LuMind’s Laser Focus on Research
Hillerstrom knows that given the range of symptoms of those with Down syndrome (Ds), a one-size-fits-all approach does not work for early intervention, inclusion, or research.
“In theory, current cutting-edge research can help overcome independence obstacles, either symptomatically, or by going after the root cause. I believe that it is important to strategically design future research based on what we have learned so far,” said Hillerstrom.
Working with team members, the board, funded researchers, and other scientists, LuMind RDS has defined four scientific research categories, which will guide future grant decisions.
The categories are:
1. Preventing Alzheimer’s
2. Improving cognition
3. Developing gene therapies
4. Advancing understanding
In terms of preventing Alzheimer’s, Hillerstrom believes that LuMind RDS can lay the groundwork for successful clinical trials in Alzheimer’s for individuals with Ds. This would involve: developing assessment scales, accounting for the variation in symptoms; supporting the establishment of a clinical trial network of clinicians; and establishing a registry for rapid enrollment in trials.
Without these necessary resources, Pharma will not be able to measure how well any therapies work for people with Down syndrome, which will delay launching late stage clinical trials of promising Alzheimer’s therapies in in Ds population.
For improving cognition, LuMind RDS will be evaluating the best way to support research on several promising targets that have the potential to improve independence. Other studies will be focusing on specific genetic targets (e.g. those found in green tea), cerebellum targeting molecules, and anti-interferon approaches. Gaining a better understanding of unique sleep patterns in people with Down syndrome will also be investigated.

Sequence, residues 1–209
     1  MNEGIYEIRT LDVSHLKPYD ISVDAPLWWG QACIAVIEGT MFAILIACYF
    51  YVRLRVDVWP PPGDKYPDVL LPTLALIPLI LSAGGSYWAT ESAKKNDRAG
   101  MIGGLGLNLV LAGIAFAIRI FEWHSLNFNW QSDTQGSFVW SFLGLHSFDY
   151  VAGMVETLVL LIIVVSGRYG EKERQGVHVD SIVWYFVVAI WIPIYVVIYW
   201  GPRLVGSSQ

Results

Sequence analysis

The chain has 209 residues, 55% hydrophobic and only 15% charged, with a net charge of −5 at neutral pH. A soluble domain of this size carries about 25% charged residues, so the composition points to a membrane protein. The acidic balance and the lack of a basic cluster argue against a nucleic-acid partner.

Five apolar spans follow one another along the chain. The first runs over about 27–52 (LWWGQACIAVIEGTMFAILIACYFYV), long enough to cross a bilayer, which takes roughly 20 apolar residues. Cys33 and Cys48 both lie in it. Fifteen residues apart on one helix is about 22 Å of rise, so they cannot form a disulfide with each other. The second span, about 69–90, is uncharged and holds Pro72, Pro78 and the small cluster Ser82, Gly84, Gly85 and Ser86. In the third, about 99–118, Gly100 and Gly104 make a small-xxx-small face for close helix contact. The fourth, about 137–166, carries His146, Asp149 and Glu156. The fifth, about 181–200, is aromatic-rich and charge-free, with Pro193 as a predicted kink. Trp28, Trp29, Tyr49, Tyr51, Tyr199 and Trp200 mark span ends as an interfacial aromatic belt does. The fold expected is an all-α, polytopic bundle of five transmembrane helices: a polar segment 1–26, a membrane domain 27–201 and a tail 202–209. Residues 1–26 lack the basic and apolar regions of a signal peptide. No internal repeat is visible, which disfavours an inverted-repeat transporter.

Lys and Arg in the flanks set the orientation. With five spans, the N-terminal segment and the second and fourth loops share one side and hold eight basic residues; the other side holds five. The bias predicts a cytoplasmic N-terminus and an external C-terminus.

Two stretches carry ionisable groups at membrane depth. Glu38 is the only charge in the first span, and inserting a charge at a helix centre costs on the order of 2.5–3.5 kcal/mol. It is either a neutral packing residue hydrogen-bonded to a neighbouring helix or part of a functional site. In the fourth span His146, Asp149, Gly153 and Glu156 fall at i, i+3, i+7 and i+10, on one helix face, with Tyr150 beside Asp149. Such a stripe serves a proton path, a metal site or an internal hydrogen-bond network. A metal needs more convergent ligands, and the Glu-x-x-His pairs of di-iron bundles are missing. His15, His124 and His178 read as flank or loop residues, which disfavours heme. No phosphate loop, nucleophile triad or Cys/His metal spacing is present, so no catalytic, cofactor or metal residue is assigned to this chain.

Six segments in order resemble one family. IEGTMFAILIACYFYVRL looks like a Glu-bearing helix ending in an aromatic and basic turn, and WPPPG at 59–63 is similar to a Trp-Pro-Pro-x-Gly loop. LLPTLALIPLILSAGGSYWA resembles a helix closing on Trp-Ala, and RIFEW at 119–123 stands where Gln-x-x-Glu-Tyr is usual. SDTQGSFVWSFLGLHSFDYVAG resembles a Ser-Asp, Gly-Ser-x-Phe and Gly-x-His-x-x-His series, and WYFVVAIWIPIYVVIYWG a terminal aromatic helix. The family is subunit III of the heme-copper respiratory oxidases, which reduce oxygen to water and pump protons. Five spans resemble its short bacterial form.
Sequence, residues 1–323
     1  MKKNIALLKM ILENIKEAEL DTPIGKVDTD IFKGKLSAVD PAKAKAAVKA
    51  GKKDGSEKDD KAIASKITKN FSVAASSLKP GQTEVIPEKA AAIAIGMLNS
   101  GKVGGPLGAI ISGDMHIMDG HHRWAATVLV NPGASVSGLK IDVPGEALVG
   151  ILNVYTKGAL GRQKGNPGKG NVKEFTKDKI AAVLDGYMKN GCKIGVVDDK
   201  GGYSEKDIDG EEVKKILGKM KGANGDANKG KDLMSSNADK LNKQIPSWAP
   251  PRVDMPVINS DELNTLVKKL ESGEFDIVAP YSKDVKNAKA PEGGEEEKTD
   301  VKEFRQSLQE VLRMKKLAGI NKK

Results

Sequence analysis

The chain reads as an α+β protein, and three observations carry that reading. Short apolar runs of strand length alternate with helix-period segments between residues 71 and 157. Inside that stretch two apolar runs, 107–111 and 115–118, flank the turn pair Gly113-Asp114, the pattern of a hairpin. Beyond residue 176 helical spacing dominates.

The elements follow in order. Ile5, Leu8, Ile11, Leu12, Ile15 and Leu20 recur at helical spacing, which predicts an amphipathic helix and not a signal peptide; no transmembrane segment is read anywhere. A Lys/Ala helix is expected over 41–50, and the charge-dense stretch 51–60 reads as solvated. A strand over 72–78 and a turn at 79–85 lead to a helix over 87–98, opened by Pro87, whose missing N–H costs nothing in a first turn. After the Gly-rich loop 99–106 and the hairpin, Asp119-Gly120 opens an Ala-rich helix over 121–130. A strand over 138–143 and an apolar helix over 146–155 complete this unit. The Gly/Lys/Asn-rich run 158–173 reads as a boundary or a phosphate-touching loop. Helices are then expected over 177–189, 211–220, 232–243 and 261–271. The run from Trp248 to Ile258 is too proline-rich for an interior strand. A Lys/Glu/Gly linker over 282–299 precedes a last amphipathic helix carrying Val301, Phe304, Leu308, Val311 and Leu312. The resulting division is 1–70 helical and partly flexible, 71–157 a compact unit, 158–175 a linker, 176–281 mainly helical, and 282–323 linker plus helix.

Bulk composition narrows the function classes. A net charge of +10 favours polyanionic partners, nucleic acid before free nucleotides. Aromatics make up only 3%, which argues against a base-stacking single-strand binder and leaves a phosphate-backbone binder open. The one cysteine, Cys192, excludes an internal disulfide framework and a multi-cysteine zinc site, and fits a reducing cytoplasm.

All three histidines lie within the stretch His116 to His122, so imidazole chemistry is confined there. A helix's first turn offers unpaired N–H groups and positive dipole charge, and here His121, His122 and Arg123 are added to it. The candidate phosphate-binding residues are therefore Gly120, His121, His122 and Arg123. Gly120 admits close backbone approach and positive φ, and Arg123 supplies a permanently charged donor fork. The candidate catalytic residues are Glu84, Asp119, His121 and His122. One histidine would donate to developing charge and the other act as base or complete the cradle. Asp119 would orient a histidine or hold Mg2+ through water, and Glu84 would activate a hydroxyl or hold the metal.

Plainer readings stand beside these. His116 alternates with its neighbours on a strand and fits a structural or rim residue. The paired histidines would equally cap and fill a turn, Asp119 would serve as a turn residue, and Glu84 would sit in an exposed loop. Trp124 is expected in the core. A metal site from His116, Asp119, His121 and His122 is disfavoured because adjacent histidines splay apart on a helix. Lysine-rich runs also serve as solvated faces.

Gene therapy is also an exciting avenue for possible treatment. The second X chromosome in females is naturally silenced throughout life. The gene that causes this silencing could be applied to silence the extra chromosome 21.
There is also promising research into genes that could possibly be modulated with gene therapy or with other therapeutic modalities. These genes found on chromosome 21 include Dyrk1A (also found in green tea), and USP16. Each of those genes could possibly be modulated with gene therapy or with other therapeutic modalities.
As for advancing understanding, LuMind RDS will support using stem cells and other research methods to help narrow down those genes or gene regions are most important in Ds.
LuMind RDS has also supported resources for the Ds research community including a database and repository. The large database plans to include the genomes, cognitive abilities, and other characteristics in over a thousand individuals with Ds. The repository will contain biological material for research to study underlying features of Ds, and potential new therapies. LuMind RDS plans to explore and grow these efforts in collaboration with other clinics, researchers, and foundations across the globe.
LuMind RDS wants to explore and increase efforts to collaborate with other clinics, researchers, and foundations across the globe.
Hillerstrom said, “There is tremendous potential to accelerate research by utilizing important resources, and cross-pollinating ideas among researchers. Pushing the frontiers of understanding Down syndrome, research can help bring forward better clarity on other conditions, including cancer and Alzheimer’s disease.”
He added, “My own disability has taught me that everything is possible if you put your mind to it… I needed to apply the best technology to achieve my own independence goals.”
He feels exactly the same way about Ds. “I’m applying that same spirit to improving the outcomes for people with Down syndrome enabling them to independently achieve their goals.”
“I truly believe that we are on the cusp of research breakthroughs that will result in improved quality of life and independence for our loved ones with Ds. That’s why I’m here at LuMind RDS. I hope that you’ll join me by supporting our foundation,” said Hillerstrom.
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